Campus Events -
A writing skills conference is being held at Conrad Grebel: (I wonder whether they could help me write these campus events?) At the 9.00 AM session, school administrators will discuss writing skills. At the 1.30 PM session, workshops will be held. At the 7.00 PM session, there will be a tour and discussion of UW’s writing clinics. , The CC. Pub is featuring a DJ to play lots of groovy tunes. , This week’s Fed Flick is The Three Musketeers starring Oliver Reed, Richard ChamI berlain, Faye Dunaway and Charlton Heston. A light and fluffy film, good to the last bite. $1.00 for Feds, $2.00 for aliens. Physics 145 at 8.00 PM. ’ The Chinese Students will be hosting a gettogether at 9.30 PM in CC 135.
Taped mu?ic at the Pub. 1hope you followed that hot tip from last time and tried qut the centre pin ball machine. Free (!!! ) for Feds and 50 cents for all you other suckers.
There will be a Board of Governors in NH 3006 at 10.00 AM. -
- Wedneiday, June 6 The K-W Red Cross Blood Donor Clinic will be held at Grace Lutheran Church, 136 Margaret Ave., at Louisa. They are hoping for 300 donors so volunteers will be appreciated. Hours are from 2.00 to,,4.30 in the afternoon and from 6.00 to 8.30 in the evening. The DJ returns to the Pub. 50 cents for Feds after 9.00 PM and $1.00 after 9.00 for others. The Chinese Students Association Mandarin class will be meeting at 8.00 PM in CC 135.
Rev. Victor McWilliams will speak at the K-W Chinese Christian Fellowship meeting on “The Work of the Holy Spirit”. WLU Seminary rm 201, at 7:30 PM. The dance studio of the Chiqese Students Association Dance Group will be held from
The Point, an animated feature, and How I won the War starring John Lennon will be shown at 9.30 PM in CC Great hall. Absolutely free!
7:30 to 9:30 PM. Call Clement Tong at 886-6087 for more information. -Saturday, June 2,-
A DJ at the Pub again. Same boring prices.
The Fed Flick is featuring The Three Musketeers again. That’s six Musketeers ~‘0 far.) Prices are the same as for Friday’s movie. The writing skills conference continues at Conrad Grebel. At 9.00 AM teachers and high school principals will discuss the subject and at 11.00 AM, Dr. Ledbetter will give reports and recommendations of courses of action to improve writing skills. I David Dunbar, a prize-winning piano player, will be holding a benefit concert for the K-W John Howard Society’. Humanities Theatre at 8.00 PM. Admission is $4.00 general, $3.50 for seniors and students.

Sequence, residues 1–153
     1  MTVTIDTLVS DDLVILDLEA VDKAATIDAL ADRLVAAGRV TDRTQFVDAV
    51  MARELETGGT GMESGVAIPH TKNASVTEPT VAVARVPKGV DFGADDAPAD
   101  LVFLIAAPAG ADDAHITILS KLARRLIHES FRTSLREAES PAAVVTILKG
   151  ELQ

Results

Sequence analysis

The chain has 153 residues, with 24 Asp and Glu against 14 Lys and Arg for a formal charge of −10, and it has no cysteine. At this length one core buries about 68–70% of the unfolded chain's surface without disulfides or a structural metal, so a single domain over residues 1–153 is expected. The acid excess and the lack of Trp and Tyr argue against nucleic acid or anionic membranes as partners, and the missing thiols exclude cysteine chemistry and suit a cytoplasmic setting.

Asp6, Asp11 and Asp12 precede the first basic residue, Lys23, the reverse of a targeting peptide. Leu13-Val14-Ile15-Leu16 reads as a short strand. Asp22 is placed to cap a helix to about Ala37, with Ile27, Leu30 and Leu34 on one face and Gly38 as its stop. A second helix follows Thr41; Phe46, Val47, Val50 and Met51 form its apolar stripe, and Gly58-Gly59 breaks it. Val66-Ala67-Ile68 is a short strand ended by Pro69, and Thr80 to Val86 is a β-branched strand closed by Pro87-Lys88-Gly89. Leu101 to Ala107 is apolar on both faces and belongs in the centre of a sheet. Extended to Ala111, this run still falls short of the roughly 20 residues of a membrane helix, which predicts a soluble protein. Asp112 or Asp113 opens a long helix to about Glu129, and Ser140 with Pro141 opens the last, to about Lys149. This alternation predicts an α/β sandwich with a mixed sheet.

Worship qervices are being held at Conrad Grebel at 7.00 PM. Everyone is welcome. The K-W Chamber Music S’ociety is presenting a spring Bach concert, performed by members of the Stratford Ensemble. It will be held at the Church of the Holy Saviour, 33 Allen East, Waterloo, at 8.00 PM. Admission is $4.00 general and $3.00 for students and seniors.
A Computer Science Club meeting featuring a talk by Ian Sharp, president of I.P. Sharp Limited. Tea and doughnoughts as usual. Everyone is Welcome! MC 5158 at 8.00 PM. The Cooper Brothers will be playing at the Waterloo Motor Inn at 8.00 PM. No, it’s not disco! (sigh of relief)
DJ at the Pub. Ditto on prices. Need camping equipment for the weekend? The Outers Club has lots of good equipment for rent. See equipment room door for rental tinies. PAC 2005. This weekend’s Fed Flick is last week’s movie plus one. The Four Muskkteers starring Oliver Reed, Raquel Welch, Richard Chamberlain and Michael York. Physics 145 at 8.00 PM. $1.00 for Feds, $2.00 for others.
Need I repeat that there will be a DJ at the Pub and that the prices will be the same?
The Four Musketeers will be shown as the Fed Flick again. That makes 14 Musketeers in two weeks, which should be enough for anyone!
Worship services will be held at Conrad Grebe1 College at 7.00 PM. All are welcome. Dig your bicycles out of the attic and pump up your tires. The Outers Club is sponsoring a bicycle trip to Elora. Meet in the Campus Centre at 9.30 AM. Pack a lunch. \ - Monday, June 11 Scotch brand taped music will be played at the Pub. Feds can get in free but others have to pay 50 cents after 9.00 (Hah, hah!). -
This time it’s masking taped prices.
Equestrian Club Meeting is being held in the Campus Centre somewhere to discuss the planning of a club show and, other club activities. Members may pick up cards and Newsletters at the Intramural Office. 6.00 PM. The Mime Company Unlimited is present ing an interpretation of George Orwell’s nonfictibn in an experil’nental format combining spoken and mime techniques. Theatre of the Arts at 8.00 PM, tonight through Friday. Pay what you can. A second Bach sprin; concert will be held at the-First Mennonite Church, Stirling & King E., Kitchener, at 8.00 PM. The concert is being presented by the K-W Chamber Music Society and performed by the Stratford Ensemble. Admission is $4 general, $3 for students and seniors and $10 for families.
The Mime Company Unlimited will be repeating their interpretation of George Orwell. See Wednesday for details. The Outers Club will be holding a general meeting to discuss up-coming.trips and membership. A few short films will also be shown. All \ are welcome. CC 112, at 5.00 PM.
. ’ -,,,I . ,._. Friday
Editor -News Editor ’ ’ Advertising Manager Sports Editor Graphics Editor . \ Features Editor _ Science Editor Entertainment Editor Prose and Poetry Editor